Early and continuous intravenous therapy with antibiotics may be lifesaving.
Treatment for anthrax infection and other bacterial infections includes large doses of intravenous and oral antibiotics prophylaxis treatment.
The cutaneous (skin) form of anthrax can be treated with penicillin, tetracycline, erythromycin, and ciprofloxacin (Cipro) for about 60 days.
The pulmonary form of anthrax is a medical emergency because this is the most lethal type. It may be treated by Ciprofloxacin or doxycycline and one or two additional antibiotics: rifampin, vancomycin, penicillin, ampicillin, chloramphenicol, imipenem, clindamycin, and clarithromycin. Initial treatment is by vein (intravenous, or IV), followed by medicine by mouth.
In May 2009, Human Genome Sciences submitted a Biologic License Application (BLA, permission to market) for its new drug, raxibacumab (brand name ABthrax) intended for emergency treatment of inhaled anthrax. If death occurs from anthrax the body should be isolated to prevent possible spread of anthrax germs. Burial does not kill anthrax spores.A blood sample taken in a sealed container and analyzed in an approved laboratory should be used to ascertain if anthrax is the cause of death.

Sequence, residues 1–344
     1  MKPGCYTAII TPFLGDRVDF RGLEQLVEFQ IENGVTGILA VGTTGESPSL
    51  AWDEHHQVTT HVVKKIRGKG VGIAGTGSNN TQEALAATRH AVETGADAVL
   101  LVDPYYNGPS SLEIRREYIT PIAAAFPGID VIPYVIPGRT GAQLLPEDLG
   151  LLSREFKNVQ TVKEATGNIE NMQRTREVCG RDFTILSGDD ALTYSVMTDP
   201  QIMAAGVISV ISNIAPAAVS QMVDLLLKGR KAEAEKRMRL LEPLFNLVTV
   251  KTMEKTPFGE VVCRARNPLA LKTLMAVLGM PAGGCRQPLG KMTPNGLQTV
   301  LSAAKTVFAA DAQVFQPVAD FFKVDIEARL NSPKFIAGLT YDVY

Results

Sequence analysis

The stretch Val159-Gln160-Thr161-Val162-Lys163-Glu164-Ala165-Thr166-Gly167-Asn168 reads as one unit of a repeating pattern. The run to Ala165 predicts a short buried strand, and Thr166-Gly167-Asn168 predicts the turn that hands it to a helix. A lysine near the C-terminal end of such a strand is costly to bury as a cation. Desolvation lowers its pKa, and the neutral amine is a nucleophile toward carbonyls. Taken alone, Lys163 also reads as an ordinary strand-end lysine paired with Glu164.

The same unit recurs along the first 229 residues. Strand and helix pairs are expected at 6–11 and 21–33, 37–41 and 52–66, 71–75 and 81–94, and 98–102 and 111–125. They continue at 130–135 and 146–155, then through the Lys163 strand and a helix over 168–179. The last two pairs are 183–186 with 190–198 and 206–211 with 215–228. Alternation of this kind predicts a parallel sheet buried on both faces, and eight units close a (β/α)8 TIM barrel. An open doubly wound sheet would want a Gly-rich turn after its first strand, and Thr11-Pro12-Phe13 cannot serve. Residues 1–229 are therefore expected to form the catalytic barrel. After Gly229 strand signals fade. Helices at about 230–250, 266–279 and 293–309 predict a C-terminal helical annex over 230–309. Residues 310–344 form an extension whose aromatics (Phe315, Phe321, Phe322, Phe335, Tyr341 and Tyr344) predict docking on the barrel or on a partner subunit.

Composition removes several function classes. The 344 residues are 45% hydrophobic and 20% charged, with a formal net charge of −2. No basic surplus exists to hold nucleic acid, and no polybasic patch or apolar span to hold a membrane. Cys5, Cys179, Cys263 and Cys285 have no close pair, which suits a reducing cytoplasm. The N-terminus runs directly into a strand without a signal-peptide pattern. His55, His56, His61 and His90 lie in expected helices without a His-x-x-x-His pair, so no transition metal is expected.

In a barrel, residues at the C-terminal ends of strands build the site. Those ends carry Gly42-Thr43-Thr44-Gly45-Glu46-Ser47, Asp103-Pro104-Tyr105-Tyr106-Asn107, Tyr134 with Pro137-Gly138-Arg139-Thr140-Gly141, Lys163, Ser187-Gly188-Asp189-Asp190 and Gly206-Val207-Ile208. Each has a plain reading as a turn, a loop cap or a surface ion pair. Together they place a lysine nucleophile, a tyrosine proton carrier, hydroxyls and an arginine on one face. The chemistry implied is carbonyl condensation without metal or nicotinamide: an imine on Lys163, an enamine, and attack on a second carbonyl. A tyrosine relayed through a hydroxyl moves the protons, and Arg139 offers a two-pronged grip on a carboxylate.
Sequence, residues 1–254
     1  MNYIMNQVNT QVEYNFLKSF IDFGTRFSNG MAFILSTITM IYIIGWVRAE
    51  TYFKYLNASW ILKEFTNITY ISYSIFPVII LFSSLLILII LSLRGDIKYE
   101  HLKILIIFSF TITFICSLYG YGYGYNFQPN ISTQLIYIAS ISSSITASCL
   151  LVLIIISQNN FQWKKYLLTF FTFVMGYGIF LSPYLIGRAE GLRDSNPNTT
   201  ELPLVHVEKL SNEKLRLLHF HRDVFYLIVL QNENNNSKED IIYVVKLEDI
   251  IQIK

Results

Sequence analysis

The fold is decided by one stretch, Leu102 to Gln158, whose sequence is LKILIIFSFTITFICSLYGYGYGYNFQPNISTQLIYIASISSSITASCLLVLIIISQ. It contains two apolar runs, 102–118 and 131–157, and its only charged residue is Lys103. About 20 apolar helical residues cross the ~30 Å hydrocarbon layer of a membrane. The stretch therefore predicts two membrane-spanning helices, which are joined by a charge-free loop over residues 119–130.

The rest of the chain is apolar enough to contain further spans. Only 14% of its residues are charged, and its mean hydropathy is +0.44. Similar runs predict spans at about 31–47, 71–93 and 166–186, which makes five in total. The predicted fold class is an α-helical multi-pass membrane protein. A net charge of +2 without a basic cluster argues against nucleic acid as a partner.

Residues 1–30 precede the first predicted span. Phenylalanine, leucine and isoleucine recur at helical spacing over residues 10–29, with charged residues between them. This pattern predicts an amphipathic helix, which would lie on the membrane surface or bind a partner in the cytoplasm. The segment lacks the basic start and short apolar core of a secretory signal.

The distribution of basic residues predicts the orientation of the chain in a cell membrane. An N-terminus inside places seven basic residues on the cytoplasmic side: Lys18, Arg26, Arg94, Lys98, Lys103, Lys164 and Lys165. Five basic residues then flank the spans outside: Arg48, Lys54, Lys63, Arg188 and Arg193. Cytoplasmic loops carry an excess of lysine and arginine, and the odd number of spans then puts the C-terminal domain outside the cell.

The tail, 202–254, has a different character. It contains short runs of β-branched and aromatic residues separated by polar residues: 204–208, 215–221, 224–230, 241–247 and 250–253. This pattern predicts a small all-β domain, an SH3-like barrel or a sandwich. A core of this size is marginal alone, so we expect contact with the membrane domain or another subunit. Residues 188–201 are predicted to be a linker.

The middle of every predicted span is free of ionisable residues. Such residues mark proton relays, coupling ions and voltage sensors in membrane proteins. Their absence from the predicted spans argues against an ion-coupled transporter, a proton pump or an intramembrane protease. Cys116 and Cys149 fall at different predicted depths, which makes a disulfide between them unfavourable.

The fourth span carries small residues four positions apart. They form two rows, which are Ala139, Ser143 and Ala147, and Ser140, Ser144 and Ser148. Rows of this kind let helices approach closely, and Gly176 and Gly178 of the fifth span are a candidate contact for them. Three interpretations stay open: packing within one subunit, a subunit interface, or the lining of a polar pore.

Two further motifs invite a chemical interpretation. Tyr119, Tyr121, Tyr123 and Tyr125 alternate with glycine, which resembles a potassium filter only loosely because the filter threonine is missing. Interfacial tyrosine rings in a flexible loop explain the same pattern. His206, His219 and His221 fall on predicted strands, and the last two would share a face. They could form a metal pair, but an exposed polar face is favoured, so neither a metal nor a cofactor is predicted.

Early detection of sources of anthrax infection can allow preventive measures to be taken. In a bioterrorism attack, individuals exposed to anthrax will be given antibiotics before they become sick. Most experts think that the vaccine will also be given to exposed individuals who are victims of a bioterrorist attack.
The response to the treatment depends on the type of anthra , age of patient & overall health.(14)